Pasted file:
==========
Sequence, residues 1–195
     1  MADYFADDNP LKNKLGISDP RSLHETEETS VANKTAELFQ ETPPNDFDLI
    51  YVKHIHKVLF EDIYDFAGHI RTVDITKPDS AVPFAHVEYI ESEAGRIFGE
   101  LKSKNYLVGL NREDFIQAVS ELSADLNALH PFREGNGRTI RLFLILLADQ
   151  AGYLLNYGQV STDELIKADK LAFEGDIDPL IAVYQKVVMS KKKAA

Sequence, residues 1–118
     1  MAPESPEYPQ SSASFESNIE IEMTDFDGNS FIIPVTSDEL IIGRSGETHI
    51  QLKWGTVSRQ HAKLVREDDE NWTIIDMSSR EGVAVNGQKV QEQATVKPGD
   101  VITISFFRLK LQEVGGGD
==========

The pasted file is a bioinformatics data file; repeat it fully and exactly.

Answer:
Sequence, residues 1–195
     1  MADYFADDNP LKNKLGISDP RSLHETEETS VANKTAELFQ ETPPNDFDLI
    51  YVKHIHKVLF EDIYDFAGHI RTVDITKPDS AVPFAHVEYI ESEAGRIFGE
   101  LKSKNYLVGL NREDFIQAVS ELSADLNALH PFREGNGRTI RLFLILLADQ
   151  AGYLLNYGQV STDELIKADK LAFEGDIDPL IAVYQKVVMS KKKAA

Sequence, residues 1–118
     1  MAPESPEYPQ SSASFESNIE IEMTDFDGNS FIIPVTSDEL IIGRSGETHI
    51  QLKWGTVSRQ HAKLVREDDE NWTIIDMSSR EGVAVNGQKV QEQATVKPGD
   101  VITISFFRLK LQEVGGGD